The petitioners also said the K-12 Program also violates Section 5, Article XIV of the Constitution, which mandates the enhancement of the right of teachers to professional advancement, because 85,000 teachers and non-academic personnel of higher education institutions are at risk of losing their jobs.

Trillanes said before implementing the controversial program, the government should first address the real problem plaguing the education sector like the lack of classrooms and the low salary of teachers.

The petitioners branded as “misleading” the DepEd’s claim that it has already closed the “resource gap” or the shortage in teachers, classroom, books and toilets. They said DepEd’s claim was based on 2010 data.

In terms of classrooms alone, the country needs 40,000 to 90,000 new classrooms by 2015, according to the petition.

Trillanes and his fellow petitioners feared that the K-12 program will result in more unemployable high school dropouts, in violation of Section 1, Article XIV of the Constitution, which gives people the right to access quality education.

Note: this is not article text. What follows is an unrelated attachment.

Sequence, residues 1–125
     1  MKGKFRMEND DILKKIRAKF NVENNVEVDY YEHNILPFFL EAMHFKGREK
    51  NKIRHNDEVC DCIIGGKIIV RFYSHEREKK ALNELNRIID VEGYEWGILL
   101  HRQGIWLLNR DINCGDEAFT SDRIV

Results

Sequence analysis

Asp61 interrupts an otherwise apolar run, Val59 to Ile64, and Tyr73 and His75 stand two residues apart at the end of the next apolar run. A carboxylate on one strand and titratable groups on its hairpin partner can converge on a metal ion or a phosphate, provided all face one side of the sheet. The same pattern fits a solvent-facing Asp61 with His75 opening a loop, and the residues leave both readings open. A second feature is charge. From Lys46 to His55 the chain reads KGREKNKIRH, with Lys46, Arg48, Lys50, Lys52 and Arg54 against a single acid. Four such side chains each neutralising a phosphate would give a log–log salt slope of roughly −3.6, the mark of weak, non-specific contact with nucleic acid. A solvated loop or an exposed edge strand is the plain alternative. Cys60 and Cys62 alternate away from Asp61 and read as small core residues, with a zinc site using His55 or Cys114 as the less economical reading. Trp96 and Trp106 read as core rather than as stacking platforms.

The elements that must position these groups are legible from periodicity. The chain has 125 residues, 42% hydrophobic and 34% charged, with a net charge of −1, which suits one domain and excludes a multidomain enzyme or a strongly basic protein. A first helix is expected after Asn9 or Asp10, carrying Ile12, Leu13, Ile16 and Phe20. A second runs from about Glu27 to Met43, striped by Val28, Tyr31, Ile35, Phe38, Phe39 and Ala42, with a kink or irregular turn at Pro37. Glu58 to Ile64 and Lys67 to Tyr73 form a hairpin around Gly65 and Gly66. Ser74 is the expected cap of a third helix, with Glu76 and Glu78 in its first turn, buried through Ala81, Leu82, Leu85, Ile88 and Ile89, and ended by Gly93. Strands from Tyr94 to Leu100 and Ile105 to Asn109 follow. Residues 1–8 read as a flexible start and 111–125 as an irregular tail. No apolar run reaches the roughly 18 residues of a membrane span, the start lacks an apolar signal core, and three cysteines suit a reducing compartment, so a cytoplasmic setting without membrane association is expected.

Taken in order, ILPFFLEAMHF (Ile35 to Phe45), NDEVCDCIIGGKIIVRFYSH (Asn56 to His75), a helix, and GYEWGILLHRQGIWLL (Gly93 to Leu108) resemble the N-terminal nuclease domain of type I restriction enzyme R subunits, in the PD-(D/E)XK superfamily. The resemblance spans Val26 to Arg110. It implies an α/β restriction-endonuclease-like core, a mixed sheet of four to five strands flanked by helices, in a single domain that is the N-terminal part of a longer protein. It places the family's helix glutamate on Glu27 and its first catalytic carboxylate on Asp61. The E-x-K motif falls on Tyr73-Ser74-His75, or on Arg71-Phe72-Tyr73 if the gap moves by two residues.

Only 42 percent of all students entering Grade 1 will finish high school, and only 14 percent will finish college, read the petition. Based on existing data, adding two more years to high school will result in 27 percent of students finishing high school and only 9 percent finishing college, it added.

Named respondents were Executive Secretary Paquito Ochoa Jr and Education Secretary Armin Luistro.

Previous petitions

Two petitions have earlier been filed with the SC in relation to RA 10533.

One of them was filed by a group of universiry professors who alleged that Commission on Higher Education/CHED Memorandum Order (CMO) No. 20, Series of 2013, created pursuant to RA 10533, will cause massive labor displacement – job losses of around 78,000 workers – at the tertiary level.

The CHED memo, which the petitioners described as “anti-Filipino,” abolishes mandatory subjects in the current curriculum in tertiary education, such as Filipino language, Literature, and Philippine Government & Constitution.

The SC later granted the group’s request for a temporary restraining order while awaiting a comment from the government.